High school baseball: East’s Hunter still firm with ECU

Published 12:00 am Sunday, August 23, 2020

By Mike London


ROCKWELL  — Jake Hunter’s favorite player, Washington Nationals pitcher Stephen Strasburg, went down for the season on Saturday with a wrist injury.

But other than that, things are going OK  for Hunter.

The tall, talented 17-year-old has been firmly committed to East Carolina’s baseball program since the summer of 2019 and the NCHSAA has a plan in place for him to have a senior season that will start in late April and run into June.

Hunter will be expected to provided Strasburg-like mound outings for East Rowan and eventually for East Carolina. He’s almost 6-foot-4 and he’s a 90-mph guy. He’s hit 91 on the radar gun. More importantly, he can work consistently at 89-90 and command three pitches.

“I’m an Atlanta Braves fan as far as having a favorite team, but I really like the way Strasburg acts on the mound,” Hunter said. “I model my pitching style after him. I really like his demeanor as a pitcher.”

Strasburg’s demeanor is normally stoic. It’s hard to tell if he’s up 3-0 or down 3-0.

“That’s Jake,” East Rowan coach Brett Hatley said. “Sometimes I can’t tell if he’s happy or sad. But he can really pitch.”

In a program that boasts a ridiculous surplus of arms  — Hunter, Cameron Padgett, JD Basinger, young N.C. State commit Chance Mako and Mattox Henderson would be the current top five — Hunter is the ace.

“We do have a lot of pitching talent,” Hunter said. “We’ve got a lot of guys who would be No. 1s, or at least No. 2s, for almost any team.”

The big-framed right-hander is a hard-thrower and a strike-thrower. That’s a combination that causes major headaches for high school hitters. He also hides the ball well before he fires it.

“He has great movement, he can paint corners, and he can challenge hitters inside with his fastball,” Hatley said. “When a high school guy can put three pitches wherever he wants them, he can dominate. Jake is dominant.”

His three main pitches are his fastball, changeup and curveball. He’s working on a slider, as well, but that’s not a pitch he’ll need in high school. That’s just something else for the hitters he faces in elite travel ball competition to worry about.

“My changeup is pretty good,” Hunter said. “Definitely my second-best pitch.”

As a freshman in 2018, Hunter won three games and saved one for East’s varsity. He struck out 44 in 37 innings while walking 11.

He was nothing short of sensational as a sophomore in 2019.

He had a 6-1 record and had the county’s lowest ERA (0.32) and most strikeouts (102). He walked only 10 batters all season.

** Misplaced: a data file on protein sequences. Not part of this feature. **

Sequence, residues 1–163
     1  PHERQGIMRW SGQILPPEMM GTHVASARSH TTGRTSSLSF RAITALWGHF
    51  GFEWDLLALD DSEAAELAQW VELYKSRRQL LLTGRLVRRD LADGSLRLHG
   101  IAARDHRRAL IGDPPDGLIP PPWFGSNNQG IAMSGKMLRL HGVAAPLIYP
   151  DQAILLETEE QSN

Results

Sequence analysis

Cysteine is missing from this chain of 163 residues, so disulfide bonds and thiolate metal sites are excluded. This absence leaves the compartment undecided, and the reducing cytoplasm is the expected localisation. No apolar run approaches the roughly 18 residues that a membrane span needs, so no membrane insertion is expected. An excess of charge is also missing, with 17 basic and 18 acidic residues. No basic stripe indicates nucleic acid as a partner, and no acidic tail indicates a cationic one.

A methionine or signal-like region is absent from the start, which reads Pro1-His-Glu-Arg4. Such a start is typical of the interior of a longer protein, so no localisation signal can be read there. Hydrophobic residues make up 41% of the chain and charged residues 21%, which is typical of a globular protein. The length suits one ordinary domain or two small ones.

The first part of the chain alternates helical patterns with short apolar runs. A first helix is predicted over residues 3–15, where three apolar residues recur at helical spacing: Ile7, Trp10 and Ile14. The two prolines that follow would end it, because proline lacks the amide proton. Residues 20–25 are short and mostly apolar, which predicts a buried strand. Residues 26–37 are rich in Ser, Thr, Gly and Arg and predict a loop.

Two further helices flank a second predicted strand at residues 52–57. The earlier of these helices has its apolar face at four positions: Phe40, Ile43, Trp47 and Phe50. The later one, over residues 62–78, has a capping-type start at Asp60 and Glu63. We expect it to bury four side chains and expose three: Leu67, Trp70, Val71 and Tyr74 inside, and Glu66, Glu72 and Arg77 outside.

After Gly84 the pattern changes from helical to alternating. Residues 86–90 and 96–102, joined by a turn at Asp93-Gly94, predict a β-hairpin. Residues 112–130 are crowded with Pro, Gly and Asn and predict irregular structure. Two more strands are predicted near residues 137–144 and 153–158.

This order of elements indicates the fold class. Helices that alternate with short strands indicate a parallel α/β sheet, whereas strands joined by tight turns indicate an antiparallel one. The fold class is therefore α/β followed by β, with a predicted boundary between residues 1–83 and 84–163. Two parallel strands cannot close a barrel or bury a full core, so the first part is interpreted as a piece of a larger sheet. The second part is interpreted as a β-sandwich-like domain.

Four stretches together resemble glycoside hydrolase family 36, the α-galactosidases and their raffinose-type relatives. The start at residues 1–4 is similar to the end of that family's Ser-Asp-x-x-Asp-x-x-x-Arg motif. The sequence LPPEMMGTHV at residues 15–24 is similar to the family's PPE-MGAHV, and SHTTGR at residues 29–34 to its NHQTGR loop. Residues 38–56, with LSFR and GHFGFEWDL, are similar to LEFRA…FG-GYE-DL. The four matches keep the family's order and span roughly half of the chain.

He was North Piedmont Conference Pitcher of the Year. Ordinarily, the season he had would’ve also put a Rowan County Pitcher of the Year award on his mantel, as well, but that was the year Carson senior Cole Hales was amazing and won a head-to-head tussle with Hunter.

Hunter’s sophomore season included a no-hitter in the 3A state playoffs against Tuscola. In that gem, Hunter threw 71 of 93 pitches for strikes. He walked one and hit one.

Shortly before that special night, Hunter twirled a four-hit shutout against a West Stanly team that came into the game with a 17-3 record.

Hunter pitched for the South Charlotte Panthers showcase team in the summer of 2019 against stout, national-level competition.

“I started being contacted by a lot of schools at that point,” Hunter said. “But East Carolina wasn’t a hard decision for me to make. That’s a program that’s always in the top 25 nationally. That’s a program where the coaching is on another level from most places.”

Baseball recruiting is normally over with that verbal commit. When someone commits, there’s a gentleman’s agreement for everyone else to back off. That isn’t always the case in football and basketball.

“I’ll be signing with the Pirates,” Hunter said. “There are no better options. I felt good about ECU when I committed, and I feel good about ECU now.”

The year, 2020, has brought adversity to Hunter, as it has to every other athlete.

East Rowan’s promising high school season, which had deep playoff run written all over it,  lasted just six games, five of them victories. Hunter’s last trip to the mound as a junior was dominant — five innings, one hit, six strikeouts and one walk  — in a 6-0 victory against North Stanly.

Hunter’s summer with the South Charlotte Panthers also felt the negative effects of the COVID-19 pandemic.

“There was a pretty long layoff from my last East start to pitching with the Panthers, so it took a while to get my arm in shape,” Hunter said. “Usually I get to swing quite a bit, but not this summer. We had some uncommitted guys and they wanted to make sure they got their at-bats for the scouts. We didn’t have any fans the first few weeks we played, so that was very different. Normally, the fans help get us hyped up and I also had gotten used to seeing a lot of scouts at all of our games, but it just wasn’t a normal summer. I felt lucky my family was able to wear masks and come to my games.”

He did get to play at the new ball park in Kannapolis, which was a thrill. He also played in major events in Georgia and Florida.

Now a senior, the start of this school year has been different for Hunter. The two in-class days for him are Monday and Tuesday. Those are the two that are going to be the most fun.

“I work every day to try to get better,” Hunter said. “I’m about 230 pounds now, but I’ve turned some body fat into lean muscle. I hope to add a little more velocity by the time we start playing in the spring.”

There may be the normal high school fall baseball league this September, probably with a Tuesday and Thursday schedule because some players will be involved with weekend showcase teams.

“At least our guys are in school right now, so I’m staying optimistic,” Hatley said. “We should have a good team. We’ll look forward to putting the ball in Jake’s hands in the spring.”